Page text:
Page: 448

View: 7334

DOWNLOAD NOW »

Previously published as the first volume of The Encyclopediaof Global Human Migration, this work is devoted exclusively toprehistoric migration, covering all periods and places from thefirst hominin migrations out of Africa through the end ofprehistory. Presents interdisciplinary coverage of this topic, includingscholarship from the fields of archaeology, anthropology, genetics,biology, linguistics, and more Includes contributions from a diverse international team ofauthors, representing 17 countries and a variety ofdisciplines Divided into two sections, covering the Pleistocene andHolocene; each section examines human migration through chaptersthat focus on different regional and disciplinary lenses
Release

The Archaeology of Lapita Dispersal in Oceania

Papers from the Fourth Lapita Conference, June 2000, Canberra, Australia

Author: Geoffrey Richard Clark,Atholl Anderson,Tarisi Vunidilo

Publisher: N.A

ISBN: N.A

Category: Archaeology

Page: 223

View: 1834

DOWNLOAD NOW »

Papers from the Fourth Lapita Conference held in Canberra. Lapita archaeology is of fundamental importance to understanding the Pacific since it unearths information about the first people to establish themselves beyond the Solomon Islands to as far east as Samoa around 3000 years ago.
Release

Archaeology in Practice

A Student Guide to Archaeological Analyses

Author: Jane Balme,Alistair Paterson

Publisher: John Wiley & Sons

ISBN: 1405148861

Category: Social Science

Page: 464

View: 4244

DOWNLOAD NOW »

Archaeology in Practice: A Student Guide to ArchaeologicalAnalyses offers students in archaeology laboratory courses adetailed and invaluable how-to manual of archaeological methods andprovides insight into the breadth of modern archaeology. Written by specialists of material analyses, whose expertiserepresents a broad geographic range Includes numerous examples of applications of archaeologicaltechniques Organized by material types, such as animal bones, ceramics,stone artifacts, and documentary sources, or by themes, such asdating, ethics, and report writing Written accessibly and amply referenced to provide readers witha guide to further resources on techniques and theirapplications Enlivened by a range of boxed case studies throughout the maintext
Release

The Oxford Handbook of the Archaeology of Death and Burial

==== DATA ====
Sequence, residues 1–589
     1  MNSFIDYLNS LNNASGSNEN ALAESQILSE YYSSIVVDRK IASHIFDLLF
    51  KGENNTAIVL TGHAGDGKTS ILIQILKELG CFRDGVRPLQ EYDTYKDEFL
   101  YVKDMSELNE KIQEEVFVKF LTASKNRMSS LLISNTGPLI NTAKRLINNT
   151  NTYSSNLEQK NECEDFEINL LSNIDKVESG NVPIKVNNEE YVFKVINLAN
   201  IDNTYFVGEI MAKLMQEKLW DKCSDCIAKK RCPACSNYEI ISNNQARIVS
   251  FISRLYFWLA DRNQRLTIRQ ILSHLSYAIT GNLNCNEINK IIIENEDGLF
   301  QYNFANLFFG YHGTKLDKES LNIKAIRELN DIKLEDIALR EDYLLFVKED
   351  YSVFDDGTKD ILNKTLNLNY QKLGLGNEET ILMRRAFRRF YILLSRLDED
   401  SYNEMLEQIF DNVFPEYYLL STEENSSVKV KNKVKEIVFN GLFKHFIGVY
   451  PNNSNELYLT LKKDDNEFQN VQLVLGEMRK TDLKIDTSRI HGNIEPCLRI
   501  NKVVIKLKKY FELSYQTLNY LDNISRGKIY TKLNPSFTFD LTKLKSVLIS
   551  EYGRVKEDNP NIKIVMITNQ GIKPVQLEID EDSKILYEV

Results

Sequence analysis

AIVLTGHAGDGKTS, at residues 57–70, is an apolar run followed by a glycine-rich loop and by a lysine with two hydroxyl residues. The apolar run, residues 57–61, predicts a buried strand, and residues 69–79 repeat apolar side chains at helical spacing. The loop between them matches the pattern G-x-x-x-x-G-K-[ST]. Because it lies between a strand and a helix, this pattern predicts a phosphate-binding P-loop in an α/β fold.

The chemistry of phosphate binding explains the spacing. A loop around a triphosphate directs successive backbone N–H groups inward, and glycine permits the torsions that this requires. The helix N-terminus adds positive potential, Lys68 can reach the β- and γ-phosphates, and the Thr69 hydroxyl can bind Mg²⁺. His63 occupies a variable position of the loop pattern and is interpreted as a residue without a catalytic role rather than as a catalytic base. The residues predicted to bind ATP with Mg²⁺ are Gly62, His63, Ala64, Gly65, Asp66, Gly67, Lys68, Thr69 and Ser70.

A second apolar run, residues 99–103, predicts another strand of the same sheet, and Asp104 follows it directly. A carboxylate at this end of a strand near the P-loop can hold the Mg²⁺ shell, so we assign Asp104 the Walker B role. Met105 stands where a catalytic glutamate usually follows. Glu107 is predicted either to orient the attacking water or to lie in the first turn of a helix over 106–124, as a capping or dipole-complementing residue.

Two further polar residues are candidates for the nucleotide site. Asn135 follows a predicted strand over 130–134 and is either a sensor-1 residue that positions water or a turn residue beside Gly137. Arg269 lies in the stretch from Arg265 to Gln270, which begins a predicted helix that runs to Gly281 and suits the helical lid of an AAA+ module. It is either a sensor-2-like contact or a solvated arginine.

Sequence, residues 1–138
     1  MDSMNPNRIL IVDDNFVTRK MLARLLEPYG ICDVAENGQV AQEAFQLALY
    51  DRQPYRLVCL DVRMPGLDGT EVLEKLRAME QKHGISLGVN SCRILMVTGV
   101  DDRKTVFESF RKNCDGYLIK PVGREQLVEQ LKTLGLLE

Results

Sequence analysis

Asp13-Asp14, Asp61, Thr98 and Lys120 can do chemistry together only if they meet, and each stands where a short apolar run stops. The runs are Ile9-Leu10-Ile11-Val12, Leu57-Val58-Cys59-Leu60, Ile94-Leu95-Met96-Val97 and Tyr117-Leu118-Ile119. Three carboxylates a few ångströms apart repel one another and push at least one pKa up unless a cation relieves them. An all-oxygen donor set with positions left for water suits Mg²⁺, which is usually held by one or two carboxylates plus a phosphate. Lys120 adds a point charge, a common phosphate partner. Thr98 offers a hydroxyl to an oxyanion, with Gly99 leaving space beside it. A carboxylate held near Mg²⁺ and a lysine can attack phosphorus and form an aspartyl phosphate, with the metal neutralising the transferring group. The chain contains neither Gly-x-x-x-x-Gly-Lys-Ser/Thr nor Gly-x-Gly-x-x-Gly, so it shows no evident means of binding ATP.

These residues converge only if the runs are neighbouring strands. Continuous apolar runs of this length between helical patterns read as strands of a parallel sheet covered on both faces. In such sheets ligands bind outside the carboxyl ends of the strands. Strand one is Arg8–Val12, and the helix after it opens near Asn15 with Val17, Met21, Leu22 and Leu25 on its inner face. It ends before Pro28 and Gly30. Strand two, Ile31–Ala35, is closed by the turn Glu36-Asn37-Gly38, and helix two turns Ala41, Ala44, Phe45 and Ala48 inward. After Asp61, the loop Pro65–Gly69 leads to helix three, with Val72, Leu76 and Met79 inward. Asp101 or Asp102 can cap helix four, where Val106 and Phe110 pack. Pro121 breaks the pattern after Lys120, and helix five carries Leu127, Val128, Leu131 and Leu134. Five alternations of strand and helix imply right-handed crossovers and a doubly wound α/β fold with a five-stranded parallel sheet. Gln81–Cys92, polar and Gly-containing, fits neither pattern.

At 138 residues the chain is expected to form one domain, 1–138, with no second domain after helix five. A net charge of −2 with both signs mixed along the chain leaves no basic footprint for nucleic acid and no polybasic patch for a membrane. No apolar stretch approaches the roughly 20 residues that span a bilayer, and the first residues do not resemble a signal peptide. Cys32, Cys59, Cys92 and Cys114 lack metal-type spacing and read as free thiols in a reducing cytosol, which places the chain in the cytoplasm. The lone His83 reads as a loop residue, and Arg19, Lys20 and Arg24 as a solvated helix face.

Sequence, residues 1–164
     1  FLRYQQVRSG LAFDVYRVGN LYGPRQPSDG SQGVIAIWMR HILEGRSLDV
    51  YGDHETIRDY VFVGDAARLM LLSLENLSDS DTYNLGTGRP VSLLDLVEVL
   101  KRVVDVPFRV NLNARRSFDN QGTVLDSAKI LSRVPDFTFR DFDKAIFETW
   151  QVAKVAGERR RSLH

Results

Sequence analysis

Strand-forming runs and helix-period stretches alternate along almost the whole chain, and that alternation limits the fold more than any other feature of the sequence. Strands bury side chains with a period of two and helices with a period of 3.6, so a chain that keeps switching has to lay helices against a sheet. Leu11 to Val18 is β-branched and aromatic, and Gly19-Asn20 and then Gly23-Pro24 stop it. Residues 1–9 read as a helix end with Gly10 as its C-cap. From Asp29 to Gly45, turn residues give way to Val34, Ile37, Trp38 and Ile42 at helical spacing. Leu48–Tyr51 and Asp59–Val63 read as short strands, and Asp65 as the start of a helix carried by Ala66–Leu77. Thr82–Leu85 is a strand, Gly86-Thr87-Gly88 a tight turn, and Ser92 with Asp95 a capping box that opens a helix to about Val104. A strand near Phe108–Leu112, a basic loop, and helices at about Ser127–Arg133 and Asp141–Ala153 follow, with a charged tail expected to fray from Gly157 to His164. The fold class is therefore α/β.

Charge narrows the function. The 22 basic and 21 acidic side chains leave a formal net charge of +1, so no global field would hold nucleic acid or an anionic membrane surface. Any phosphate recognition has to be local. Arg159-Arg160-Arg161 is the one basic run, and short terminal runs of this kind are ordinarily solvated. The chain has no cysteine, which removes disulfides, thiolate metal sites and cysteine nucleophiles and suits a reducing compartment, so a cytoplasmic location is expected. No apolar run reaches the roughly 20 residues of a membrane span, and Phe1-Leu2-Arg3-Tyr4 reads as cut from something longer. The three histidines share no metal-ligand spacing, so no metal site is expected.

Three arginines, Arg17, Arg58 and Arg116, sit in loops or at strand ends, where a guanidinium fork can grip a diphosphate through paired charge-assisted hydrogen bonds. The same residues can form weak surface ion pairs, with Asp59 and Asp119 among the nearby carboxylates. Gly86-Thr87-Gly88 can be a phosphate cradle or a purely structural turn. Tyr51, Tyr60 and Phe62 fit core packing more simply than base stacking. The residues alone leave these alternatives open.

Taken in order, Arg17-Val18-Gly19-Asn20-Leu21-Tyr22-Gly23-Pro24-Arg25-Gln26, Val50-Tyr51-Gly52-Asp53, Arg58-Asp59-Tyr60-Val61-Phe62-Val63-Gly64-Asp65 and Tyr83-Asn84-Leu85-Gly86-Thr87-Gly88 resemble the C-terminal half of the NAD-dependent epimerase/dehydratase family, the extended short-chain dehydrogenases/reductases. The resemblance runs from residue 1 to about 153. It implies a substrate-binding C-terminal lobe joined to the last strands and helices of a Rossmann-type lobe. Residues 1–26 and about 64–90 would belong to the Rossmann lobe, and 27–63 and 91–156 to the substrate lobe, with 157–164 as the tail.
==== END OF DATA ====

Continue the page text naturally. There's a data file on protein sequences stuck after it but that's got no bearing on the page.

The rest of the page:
Author: Sarah Tarlow,Liv Nilsson Stutz

Publisher: OUP Oxford

ISBN: 0191650390

Category: Social Science

Page: 872

View: 1508

DOWNLOAD NOW »

The Oxford Handbook of the Archaeology of Death and Burial reviews the current state of mortuary archaeology and its practice, highlighting its often contentious place in the modern socio-politics of archaeology. It contains forty-four chapters which focus on the history of the discipline and its current scientific techniques and methods. Written by leading, international scholars in the field, it derives its examples and case studies from a wide range of time periods, such as the middle palaeolithic to the twentieth century, and geographical areas which include Europe, North and South America, Africa, and Asia. Combining up-to-date knowledge of relevant archaeological research with critical assessments of the theme and an evaluation of future research trajectories, it draws attention to the social, symbolic, and theoretical aspects of interpreting mortuary archaeology. The volume is well-illustrated with maps, plans, photographs, and illustrations and is ideally suited for students and researchers.
Release

The Cultural Life of Images

Visual Representation in Archaeology

Author: Brian Leigh Molyneaux

Publisher: Routledge

ISBN: 1134546300

Category: Social Science

Page: 296

View: 7733

DOWNLOAD NOW »

Pictures are often admired for their aesthetic merits but they are rarely treated as if they had as much to offer as the written word. They are often overlooked as objects of analysis themselves, and tend to be seen simply as adjuncts to the text. Images, however, are not passive, and have a direct impact that engages attention in ways independent of any specific text. Advertising, entertainment and propaganda have realised the extent of this power to shape ideas, but the scientific community has hitherto neglected the ways in which visual material conditions the ways in which we think. With subjects including prehistoric artworks, excavation illustrations, artists' impressions of ancient sites and peoples and contemporary landscapes, photographs and drawings, this study explores how pictures shape our perceptions and our expectations of the past. This volume is not concerned with the accuracy of pictures from the past or directly about the past itself, but is interested instead in why certain subjects are selected, why they are depicted the way they are, and what effects such images have on our idea of the past. This collection constitutes a ground-breaking study in historiography which radically reassesses the ways that history can be written.
Release